Muay Thai training in Thailand: what to expect and how much does it cost
I went for a Muay Thai training in Thailand this summer to level up my game. I didn't know what to expect and I couldn't find many reliable sources of information online. I would like to share a few observations with you about training in the homeland of Muay Thai to make your life a bit easier once you're there.
Training in Thailand may be physically demanding for you for two different reasons:
Reason number one is a tropical weather. It may be your greatest adversary until you get used to it. 37 °C and humid all day long. 32 °C in the night-time. One hour of training in open air gym in Bangkok takes as much effort as two hours of training in Europe. On the bright side, once you arrive in Europe/US you will feel like a superman for a week or so. That's how long it takes to readjust to a temperate climat conditions.
Reason number two: you train with the best. You will get a chance to learn from - and spar with - great native Thai fighters. They've got a great stamina and abs made of steel so you really need to push yourself to be up for the task. Some of the best Thai boxers in the world often visit Thailand for this purpose.
That said after you adjust to the new weather conditions you will soon start making a great progress. What is fascinating is that native Thai instructors teach Muay Thai in a quite different manner than European trainers do. They pay attention to a certain technical aspects of your training and some flaws that might be easily overlooked in Europe will be picked up by a Khru. And since there is so many gyms in Bangkok and around the city you can always find one that meets your specific needs and you can also get a personal trainer for a fair price.
Speaking of which, Muay Thai training in Thailand is not very expensive. For example: single training session in Fighting Spirit gym has costed me around 300 baht, which is roughly £6 or 8 and a half dollars. I've also bought myself a really cool Lumpinee Muay Thai shorts there. But that's just one of a multiple gyms in Bangkok and most of them are good with a helpful staff that will put you on the right track with your training. You can find there all the necessary equipment for training and a helpful instructors that can refine your skills no matter what your level is.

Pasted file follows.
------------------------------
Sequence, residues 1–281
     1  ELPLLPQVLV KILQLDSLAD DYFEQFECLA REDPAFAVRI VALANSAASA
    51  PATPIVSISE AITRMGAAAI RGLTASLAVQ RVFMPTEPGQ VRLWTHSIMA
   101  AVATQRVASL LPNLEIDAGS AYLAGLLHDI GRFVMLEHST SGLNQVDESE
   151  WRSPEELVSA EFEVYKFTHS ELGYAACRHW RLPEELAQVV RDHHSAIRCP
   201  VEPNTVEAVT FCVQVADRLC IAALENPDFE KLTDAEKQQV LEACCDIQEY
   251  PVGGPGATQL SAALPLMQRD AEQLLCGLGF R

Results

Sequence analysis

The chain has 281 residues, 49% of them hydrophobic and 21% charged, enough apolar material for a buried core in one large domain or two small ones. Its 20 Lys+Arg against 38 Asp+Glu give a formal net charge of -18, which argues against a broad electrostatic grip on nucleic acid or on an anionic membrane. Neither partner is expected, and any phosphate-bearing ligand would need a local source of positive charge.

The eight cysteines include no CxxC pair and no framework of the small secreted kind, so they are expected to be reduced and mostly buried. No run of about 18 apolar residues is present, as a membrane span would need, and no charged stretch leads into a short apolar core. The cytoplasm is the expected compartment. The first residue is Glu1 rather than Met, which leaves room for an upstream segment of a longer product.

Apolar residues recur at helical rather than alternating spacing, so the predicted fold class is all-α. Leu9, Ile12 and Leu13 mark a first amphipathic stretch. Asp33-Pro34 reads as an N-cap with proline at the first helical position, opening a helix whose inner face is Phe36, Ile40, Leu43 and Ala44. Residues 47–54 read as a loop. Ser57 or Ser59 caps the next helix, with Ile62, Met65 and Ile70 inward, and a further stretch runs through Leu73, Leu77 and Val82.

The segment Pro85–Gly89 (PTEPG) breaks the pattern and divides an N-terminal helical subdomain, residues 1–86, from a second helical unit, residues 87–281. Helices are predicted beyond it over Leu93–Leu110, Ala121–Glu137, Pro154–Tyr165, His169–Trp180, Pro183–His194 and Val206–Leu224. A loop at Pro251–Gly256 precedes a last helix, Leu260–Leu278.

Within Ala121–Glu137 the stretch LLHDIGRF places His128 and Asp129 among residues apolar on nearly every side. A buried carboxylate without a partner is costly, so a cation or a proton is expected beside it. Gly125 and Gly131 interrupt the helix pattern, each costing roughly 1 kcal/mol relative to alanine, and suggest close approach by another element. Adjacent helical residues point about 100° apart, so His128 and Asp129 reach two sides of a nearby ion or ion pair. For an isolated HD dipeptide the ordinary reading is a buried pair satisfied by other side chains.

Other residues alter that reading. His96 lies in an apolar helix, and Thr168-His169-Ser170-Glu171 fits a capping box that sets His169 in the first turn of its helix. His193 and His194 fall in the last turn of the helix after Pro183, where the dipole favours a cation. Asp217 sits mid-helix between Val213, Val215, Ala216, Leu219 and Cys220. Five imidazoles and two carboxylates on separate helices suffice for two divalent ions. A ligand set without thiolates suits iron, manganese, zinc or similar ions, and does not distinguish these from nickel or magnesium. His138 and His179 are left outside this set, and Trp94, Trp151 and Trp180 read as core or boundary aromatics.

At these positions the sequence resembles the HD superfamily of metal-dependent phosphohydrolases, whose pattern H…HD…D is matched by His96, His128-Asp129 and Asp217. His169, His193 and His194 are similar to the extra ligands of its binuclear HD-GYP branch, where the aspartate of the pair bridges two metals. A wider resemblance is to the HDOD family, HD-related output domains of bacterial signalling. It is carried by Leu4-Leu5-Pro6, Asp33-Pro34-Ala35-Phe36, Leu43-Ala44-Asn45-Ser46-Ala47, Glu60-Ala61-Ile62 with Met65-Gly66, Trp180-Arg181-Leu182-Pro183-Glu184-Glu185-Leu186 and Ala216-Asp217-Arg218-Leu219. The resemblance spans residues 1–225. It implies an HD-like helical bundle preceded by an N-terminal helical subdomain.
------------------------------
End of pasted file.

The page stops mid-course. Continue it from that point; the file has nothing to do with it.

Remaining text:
Apart from regular gyms, you can also train in one of the camps. They are located outside of Bangkok and typically provide everything you need to focus just on training.
For the price of around 15000 (£295/$420) baht a month you can have full-time training plus accommodation and meals. Some of the gyms, like Master Toddy's, will even provide you with a one-year student visa if you book a training with them. This is really useful if you don't want to do an expensive and time-consuming visa runs.
There are plenty of training opportunities in Thailand, but that's not all the city has to offer. One of the great things is that you can relax and relief your sore muscles after the heavy day of training with a proper Thai massage.
For those who are planning to come to Thailand but are not convinced yet - life is not very expensive there either:
the food from shops and Thai 'fast food' from street stands is very cheap. And more healthy on top of that since most of the 'fast food' in Thailand is based on rice and veggies. In Bangkok, there are plenty of convenience stores like 7 Eleven that are open 24/7. Restaurants are more expensive but they serve a delicious traditional food in big portions. Some of them are open till late night so you can have a proper meal at 3 AM in the morning. I especially liked Lao cuisine - sweet and spicy chicken tastes great. I would also highly recommend sticky rice and mango and Thai coconut ice cream.
public transport: skytrain, motorcycle taxis and cabs - not to mention buses which are dirt cheap - is not very expensive. A typical taxi fare for a few kilometres ride are about 50-100 baht (£1-£2/$1.5/$3). Tuc tuc rickshaws are more pricey tourist traps and their drivers are reckless. I took it once and I think that swimming with sharks is far safer than taking a tuc tuc in Bangkok in rush hours :-]
the accommodation is pretty cheap too. For the first month of stay, I have rented a room in the hotel with a swimming pool for one month for around £300/$430. You can pay much less of course if you rent a room in a shared house. Just be sure that you find a place which is not too far from skytrain or MRT station
Clubbing and pubbing may be more pricey - 150-250 baht for a pint (around £3-£5, $4-$7) and around £10/$15 entrance fee depends on the location. Some famous night clubs like The Levels or Insanity are more expensive than the rest - but hey, you are going there for a Muay Thai training, am I right?
*word of advice: due to tropical weather when you drink alcohol in Thailand always be sure to add a lot of ice or to drink it with the water, cause if you don't the hangover may be severe.